I've been waiting for the sky to fall all my life! The damn thing must be really, really far away, cuz it just never gets here!

I think we need to spend some of this grant money on lobotomies for politicians... it think it would make them more effective.

Bigger worries inside homes
By DoeBoy on 12/17/2010 6:41:03 PM , Rating: 2
I am more worried about bad ventilation in a house that would result in an increased radon gas exposure than I am about something like this.

A better reason
By jimhsu on 12/18/2010 12:36:24 AM , Rating: 2
There's a better reason ... it just plain smells bad. All else being equal, a house filled with oily nicotine odor isn't going to sell as a house without that awful smell. Then again, it's your house -- I don't particularly care if you choose to lower your home's resale value instead of being slightly less lazy and stepping outside.

congrats smokers!
By inperfectdarkness on 12/19/2010 4:50:11 AM , Rating: 2
the resale value on your car is now justifiably lower. cue seinfield episode.

By RainDaemon on 12/20/2010 1:38:46 AM , Rating: 2
"Non-smokers... die every day."

- Bill Hicks

This is nothing....
By CptTripps on 12/20/2010 6:17:45 PM , Rating: 2
This is nothing to worry about. There is another killer out there, it does not care if you are old or young, male or female, it just wants you dead.

Fourth hand smoke.... beware.

Grandma Wouldn't Roll in Her Grave
By METALMORPHASIS on 12/17/10, Rating: -1
RE: Grandma Wouldn't Roll in Her Grave
By Kurz on 12/18/2010 10:10:14 AM , Rating: 1
She beat the odds, Congrats?

RE: Grandma Wouldn't Roll in Her Grave
By EricMartello on 12/18/2010 11:30:57 AM , Rating: 3
Maybe grandma would have lived another 10-15 years if she hadn't been smoking since 13...and even if you live a "long" life it's not exactly going to be're probably not going to be doing anything physically stressful with the diminished lung capacity.

By mindless1 on 12/18/2010 7:51:34 PM , Rating: 2
You probably have it backwards, that if a non-smoker lives 10-15 years longer, those last years would be ones where their quality of life wasn't very good... unless you know a lot of 90 yo who are active and do "physically stressful" things??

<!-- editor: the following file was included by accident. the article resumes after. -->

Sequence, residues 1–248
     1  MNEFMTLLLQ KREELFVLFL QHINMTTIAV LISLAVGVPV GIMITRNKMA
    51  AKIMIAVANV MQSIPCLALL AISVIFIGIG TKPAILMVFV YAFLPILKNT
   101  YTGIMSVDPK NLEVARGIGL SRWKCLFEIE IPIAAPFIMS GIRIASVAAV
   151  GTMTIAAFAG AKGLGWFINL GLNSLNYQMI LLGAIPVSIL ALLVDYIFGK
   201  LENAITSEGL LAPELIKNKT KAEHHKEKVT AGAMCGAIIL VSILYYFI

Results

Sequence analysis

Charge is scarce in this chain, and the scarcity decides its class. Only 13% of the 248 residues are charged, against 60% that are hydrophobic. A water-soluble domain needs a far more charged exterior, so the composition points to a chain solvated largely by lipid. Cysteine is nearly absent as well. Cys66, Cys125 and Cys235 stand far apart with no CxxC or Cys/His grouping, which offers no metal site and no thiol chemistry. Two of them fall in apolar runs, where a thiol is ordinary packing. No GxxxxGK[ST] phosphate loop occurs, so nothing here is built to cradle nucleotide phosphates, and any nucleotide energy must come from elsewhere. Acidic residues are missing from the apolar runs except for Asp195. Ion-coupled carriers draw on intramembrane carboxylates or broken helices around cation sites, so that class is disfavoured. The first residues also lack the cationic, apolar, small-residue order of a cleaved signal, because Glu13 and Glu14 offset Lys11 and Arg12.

On the contrary, by that point in life someone probably can't remember where they put their cigarettes so they stop smoking by default.

Smoking FTW?
By The Insolent One on 12/18/10, Rating: -1
RE: Smoking FTW?
By mindless1 on 12/18/2010 7:57:05 PM , Rating: 1
By all means, don't smoke if you don't want to... but attributing all these other factors is very misleading, as if you are suggesting and singling out one set of problems trying to assume there are no other things that cause harm to your health or appearance.

The fact is, life causes death. Some try to live a long miserable life and others just grab life by the horns and ride it for all it's worth.

That's not a justification to smoke by any means, just one that it is in fact other factors we should focus on like increasing heart disease in NON-smokers... figure out the fix to that and everyone lives healthier... and yet we have mostly figured out that fix but the majority don't follow healthy living practices and that includes those of us spending idle time on the internet, watching TV, etc. instead of doing something more active (during that time in addition to other times you might).

In other words there are lots of ways we waste away an hour when we could've had more than double the experiences... which pretty much trumps a few years difference in lifespan.

RE: Smoking FTW?
By CptTripps on 12/20/2010 6:45:49 PM , Rating: 1
Since when are professed non-smokers required to stand beside a smoker while they smoke? Most smokers I know go outside and stand away from the doors out of respect for non-smokers.

And hahahahah at "you will do harm to someone you never even met or had any direct contact with because of your smoking habit". Please show me proof that "third hand smoke" is harming the strangers who moved into an old smokers apartment.

I would imagine indoor painting is more harmfull. Time for a ban on painters.

"Young lady, in this house we obey the laws of thermodynamics!" -- Homer Simpson